“Nobody identifying themselves as a homeless person has spoken to me,” Roseberry writes.
Robinson’s concern for his safety at the Newton shelter – “I’m not going to go live with a bunch of crackheads” – came as a surprise for Hyland House assistant manager Jay Blaschuk.
The facility is a clean-and-sober shelter, Blaschuk says. That means, while no one who needs a place to stay is turned away, per se, anyone using, carrying or under the influence is redirected to a “no-barrier” shelter such as that in Whalley.
“If they’re under the influence, they can’t come in,” he says.
A break in the rain last Thursday morning was good news for Robinson.
“I might be able to work today,” he says, his blue eyes taking in the brightened sky from under the brim of his black Miller ball cap.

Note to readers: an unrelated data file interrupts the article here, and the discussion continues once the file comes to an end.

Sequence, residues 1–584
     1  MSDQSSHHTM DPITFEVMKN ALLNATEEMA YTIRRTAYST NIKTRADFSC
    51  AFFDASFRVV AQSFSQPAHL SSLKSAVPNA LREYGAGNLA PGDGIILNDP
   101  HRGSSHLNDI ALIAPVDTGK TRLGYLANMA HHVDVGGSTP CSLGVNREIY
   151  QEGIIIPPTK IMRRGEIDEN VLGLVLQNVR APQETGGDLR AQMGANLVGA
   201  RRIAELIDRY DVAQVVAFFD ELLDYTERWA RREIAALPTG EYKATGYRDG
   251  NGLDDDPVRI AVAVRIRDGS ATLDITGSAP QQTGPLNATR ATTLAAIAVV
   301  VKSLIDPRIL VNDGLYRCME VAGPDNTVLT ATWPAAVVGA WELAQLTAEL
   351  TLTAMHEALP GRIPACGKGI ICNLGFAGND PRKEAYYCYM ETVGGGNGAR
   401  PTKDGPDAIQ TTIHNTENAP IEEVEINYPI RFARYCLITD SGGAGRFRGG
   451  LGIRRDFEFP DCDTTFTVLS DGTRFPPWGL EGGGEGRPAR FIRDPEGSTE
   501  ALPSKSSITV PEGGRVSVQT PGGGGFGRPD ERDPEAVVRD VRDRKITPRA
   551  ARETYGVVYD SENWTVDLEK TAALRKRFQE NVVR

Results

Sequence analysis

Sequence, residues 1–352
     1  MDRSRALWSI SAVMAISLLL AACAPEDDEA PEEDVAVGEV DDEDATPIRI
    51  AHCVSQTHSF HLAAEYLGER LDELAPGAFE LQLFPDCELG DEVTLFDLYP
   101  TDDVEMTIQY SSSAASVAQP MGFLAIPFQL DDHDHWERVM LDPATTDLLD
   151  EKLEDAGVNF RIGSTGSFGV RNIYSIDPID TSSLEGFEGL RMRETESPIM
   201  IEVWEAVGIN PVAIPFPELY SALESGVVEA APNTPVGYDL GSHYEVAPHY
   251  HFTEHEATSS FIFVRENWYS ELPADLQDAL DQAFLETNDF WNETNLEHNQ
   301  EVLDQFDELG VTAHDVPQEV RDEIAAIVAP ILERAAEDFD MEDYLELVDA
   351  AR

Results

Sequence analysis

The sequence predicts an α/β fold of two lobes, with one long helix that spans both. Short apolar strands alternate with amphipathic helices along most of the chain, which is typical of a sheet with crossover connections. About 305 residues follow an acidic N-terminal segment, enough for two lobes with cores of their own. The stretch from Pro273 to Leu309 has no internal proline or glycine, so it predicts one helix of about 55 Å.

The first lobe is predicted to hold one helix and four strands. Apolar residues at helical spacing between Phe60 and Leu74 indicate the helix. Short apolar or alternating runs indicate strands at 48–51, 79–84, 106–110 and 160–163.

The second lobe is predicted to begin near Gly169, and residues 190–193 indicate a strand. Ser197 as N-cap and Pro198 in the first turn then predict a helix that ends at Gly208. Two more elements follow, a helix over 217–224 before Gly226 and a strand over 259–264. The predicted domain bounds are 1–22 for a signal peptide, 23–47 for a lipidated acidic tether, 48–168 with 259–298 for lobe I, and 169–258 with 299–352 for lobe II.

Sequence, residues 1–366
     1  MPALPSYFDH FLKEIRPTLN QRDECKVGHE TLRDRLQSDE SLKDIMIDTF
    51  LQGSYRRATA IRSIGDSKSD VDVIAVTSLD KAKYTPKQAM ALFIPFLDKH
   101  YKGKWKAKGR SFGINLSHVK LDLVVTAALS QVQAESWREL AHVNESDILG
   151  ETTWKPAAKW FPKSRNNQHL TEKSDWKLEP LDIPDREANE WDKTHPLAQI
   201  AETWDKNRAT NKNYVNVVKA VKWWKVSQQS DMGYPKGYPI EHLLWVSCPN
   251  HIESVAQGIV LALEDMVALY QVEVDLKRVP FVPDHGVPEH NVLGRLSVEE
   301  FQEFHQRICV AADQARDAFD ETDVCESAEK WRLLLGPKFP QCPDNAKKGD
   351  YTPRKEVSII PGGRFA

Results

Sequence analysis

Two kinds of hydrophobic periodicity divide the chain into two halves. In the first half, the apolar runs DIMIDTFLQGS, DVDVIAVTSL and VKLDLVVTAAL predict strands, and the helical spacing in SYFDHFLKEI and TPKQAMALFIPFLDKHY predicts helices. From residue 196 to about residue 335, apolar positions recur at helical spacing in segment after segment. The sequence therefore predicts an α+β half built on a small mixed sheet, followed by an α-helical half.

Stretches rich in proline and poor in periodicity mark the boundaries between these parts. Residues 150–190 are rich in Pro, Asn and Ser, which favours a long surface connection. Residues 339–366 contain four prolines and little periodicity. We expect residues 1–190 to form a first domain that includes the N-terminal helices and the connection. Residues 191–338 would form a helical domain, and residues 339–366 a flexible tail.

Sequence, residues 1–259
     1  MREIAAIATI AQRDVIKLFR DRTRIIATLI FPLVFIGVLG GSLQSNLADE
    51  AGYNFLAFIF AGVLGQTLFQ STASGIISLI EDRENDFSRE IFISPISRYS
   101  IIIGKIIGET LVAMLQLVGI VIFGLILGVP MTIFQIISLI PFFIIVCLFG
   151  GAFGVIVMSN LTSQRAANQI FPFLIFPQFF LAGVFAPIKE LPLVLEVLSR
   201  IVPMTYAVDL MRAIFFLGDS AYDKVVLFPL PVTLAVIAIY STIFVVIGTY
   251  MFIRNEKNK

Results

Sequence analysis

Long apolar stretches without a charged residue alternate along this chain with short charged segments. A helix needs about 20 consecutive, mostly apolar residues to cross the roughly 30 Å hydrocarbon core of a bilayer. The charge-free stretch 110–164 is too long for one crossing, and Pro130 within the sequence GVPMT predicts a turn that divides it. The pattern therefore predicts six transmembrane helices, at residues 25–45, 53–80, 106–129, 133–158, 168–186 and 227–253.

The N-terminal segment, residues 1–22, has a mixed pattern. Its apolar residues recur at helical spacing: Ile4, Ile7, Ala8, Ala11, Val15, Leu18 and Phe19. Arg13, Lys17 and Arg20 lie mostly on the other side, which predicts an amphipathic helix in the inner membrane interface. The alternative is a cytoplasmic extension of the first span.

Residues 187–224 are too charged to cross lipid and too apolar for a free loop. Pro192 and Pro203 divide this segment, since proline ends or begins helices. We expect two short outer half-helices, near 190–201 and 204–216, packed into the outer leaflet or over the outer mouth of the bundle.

Dressed in jeans, a jean jacket and work boots, Robinson’s hands are dirty and cracked. He parks his electric bike and ties Echo’s rope leash to a nearby garbage can. The 11½-year-old is great with people, but less keen on members of her own species, Robinson notes.
“Can I buy you a coffee?” he asks a reporter. “I’ll buy you a coffee.”
Returning with two steaming mugs, he reiterates that his situation isn’t forever.
He didn’t share his story to gain sympathy. He simply hopes it will help those for whom life on the street is more permanent.
“My situation’s temporary,” he says. “Come September, when the tourists leave and the campgrounds open up, I will find a place. But I have a lot of friends that it’s not temporary for.”
Severeid is one.
Homeless after a job working with a friend on Vancouver Island went sour, and disabled by arthritis, emphysema and asthma, life on the street is all that’s available to him, Severeid says.
“It’s not a choice. It’s just the way it is.”